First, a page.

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We are surrounded by magnets.  Magnets are all around us, and most people do not even realize it.  Sure, you may have some on your fridge that come to mind, but most average households in the US have hundreds of magnets in them.  These magnets are tucked away in some of our most used items in our home, and we never even knew it.  And to think that magnets are a several thousand year old “technology” that really has not replacement.  It will never go obsolete.  Sure there are alternatives, but generally there is no substitute for the performance of a magnet.

Let’s start in the kitchen.  More than likely, there are a mixture of both flexible printed magnets and some hard magnets on your refrigerator holding up your kids’ drawings or To Do lists.  But, how about inside your refrigerator?  The seal around your fridge door is a magnetic seal to help keep the door closed and your food cold.  Let’s move on to your cabinets, they may very well have some magnetic latches to make sure that they stay closed.  Today many people hang up large decorative channel magnets that can hold their knives, so they don’t accidentally get cut while reaching for them in a drawer.  There are also spice containers with magnetic circles on their bottoms, so they can stick to the sides of the fridge for easy access.  If you have a garbage disposal, microwave, blender, mixer or can opener, then you also have magnets.  Magnets help drive the electric motors inside these small appliances.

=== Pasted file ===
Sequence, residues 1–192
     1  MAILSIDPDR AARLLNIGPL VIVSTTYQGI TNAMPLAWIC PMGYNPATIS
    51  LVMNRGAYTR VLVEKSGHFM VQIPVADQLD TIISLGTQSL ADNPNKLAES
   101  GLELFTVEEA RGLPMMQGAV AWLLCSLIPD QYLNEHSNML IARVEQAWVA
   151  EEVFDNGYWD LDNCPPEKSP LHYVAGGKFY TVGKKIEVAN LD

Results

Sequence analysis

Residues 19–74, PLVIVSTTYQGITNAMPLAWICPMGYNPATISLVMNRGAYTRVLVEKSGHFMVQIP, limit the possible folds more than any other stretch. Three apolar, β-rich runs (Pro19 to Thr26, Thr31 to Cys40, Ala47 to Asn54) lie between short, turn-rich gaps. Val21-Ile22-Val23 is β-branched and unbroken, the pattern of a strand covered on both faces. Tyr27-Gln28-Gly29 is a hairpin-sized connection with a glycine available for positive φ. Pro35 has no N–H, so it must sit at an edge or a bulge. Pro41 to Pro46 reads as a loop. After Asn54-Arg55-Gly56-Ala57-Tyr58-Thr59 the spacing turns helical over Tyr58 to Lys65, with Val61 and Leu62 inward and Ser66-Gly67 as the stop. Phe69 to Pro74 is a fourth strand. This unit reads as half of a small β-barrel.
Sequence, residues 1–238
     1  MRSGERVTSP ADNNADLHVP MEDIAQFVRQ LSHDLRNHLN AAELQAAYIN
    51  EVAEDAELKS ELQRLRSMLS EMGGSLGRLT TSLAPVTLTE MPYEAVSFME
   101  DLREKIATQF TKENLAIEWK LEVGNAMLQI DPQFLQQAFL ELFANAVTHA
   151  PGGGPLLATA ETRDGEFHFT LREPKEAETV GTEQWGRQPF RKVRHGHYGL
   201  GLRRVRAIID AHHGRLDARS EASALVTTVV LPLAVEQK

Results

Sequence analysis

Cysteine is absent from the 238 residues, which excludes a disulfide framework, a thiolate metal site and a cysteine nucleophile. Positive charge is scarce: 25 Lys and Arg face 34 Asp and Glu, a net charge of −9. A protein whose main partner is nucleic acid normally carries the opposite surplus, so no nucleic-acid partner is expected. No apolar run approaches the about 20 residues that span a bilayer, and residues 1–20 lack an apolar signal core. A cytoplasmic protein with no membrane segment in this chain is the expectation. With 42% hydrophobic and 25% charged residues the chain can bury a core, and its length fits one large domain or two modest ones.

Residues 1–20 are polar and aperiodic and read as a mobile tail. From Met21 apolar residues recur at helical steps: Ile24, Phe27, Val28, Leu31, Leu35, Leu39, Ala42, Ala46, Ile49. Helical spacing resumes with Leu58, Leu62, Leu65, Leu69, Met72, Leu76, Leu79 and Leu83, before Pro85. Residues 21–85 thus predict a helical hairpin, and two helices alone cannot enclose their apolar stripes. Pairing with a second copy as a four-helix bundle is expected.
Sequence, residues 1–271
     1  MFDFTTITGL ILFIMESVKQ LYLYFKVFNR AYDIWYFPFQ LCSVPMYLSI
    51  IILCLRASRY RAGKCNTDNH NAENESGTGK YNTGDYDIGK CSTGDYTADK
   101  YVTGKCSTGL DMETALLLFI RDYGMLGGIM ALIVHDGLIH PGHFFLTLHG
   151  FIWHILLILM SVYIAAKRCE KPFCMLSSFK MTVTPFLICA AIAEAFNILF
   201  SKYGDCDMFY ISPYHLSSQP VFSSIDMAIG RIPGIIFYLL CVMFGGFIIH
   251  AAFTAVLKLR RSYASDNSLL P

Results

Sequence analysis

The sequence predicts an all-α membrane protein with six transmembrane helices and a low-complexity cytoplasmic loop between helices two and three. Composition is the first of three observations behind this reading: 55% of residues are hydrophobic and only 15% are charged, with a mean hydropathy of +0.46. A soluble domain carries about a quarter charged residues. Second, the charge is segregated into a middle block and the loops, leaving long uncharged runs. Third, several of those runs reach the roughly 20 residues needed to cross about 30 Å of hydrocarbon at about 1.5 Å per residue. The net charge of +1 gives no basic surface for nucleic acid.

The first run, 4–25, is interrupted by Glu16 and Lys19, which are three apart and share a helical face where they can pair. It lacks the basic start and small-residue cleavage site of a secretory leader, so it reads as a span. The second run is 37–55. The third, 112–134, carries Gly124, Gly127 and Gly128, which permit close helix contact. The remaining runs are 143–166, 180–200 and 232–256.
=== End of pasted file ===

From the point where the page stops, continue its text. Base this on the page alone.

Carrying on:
Moving on to your bathroom, you may likely have a shower curtain liner that has ceramic magnets in it that help it stick to your tub to make sure the water stays in.  If you use a blow dryer, the motor in that may very well have a magnet in it.  Some scales have magnets in them to help the needle on the scale move down quickly when you step off.

Let’s look at your office/home gym.  If you have a computer in your office, then you have magnets in there as well.  Most computer hard drives contain several permanent magnets, unless they are a solid-state drive.  Laptops have magnets in them that trigger reed switches so that they can sense when the cover has been opened.  If you use speakers to listen to music, earphones or even your smartphone, there are magnets in them that help to emit the sound, as well as the speakers in your television sets.  Do you have any exercise equipment in your office?  Odds are if you do, then you can add on more magnets.  Magnets in exercise equipment pass sensors in the machines to count revolutions and let you know just how many miles you got in (or didn’t) during your workout.  Your vacuum cleaner motor also contains super strong neodymium magnets that help to create the powerful suction you look for in a vacuum while keeping it lightweight.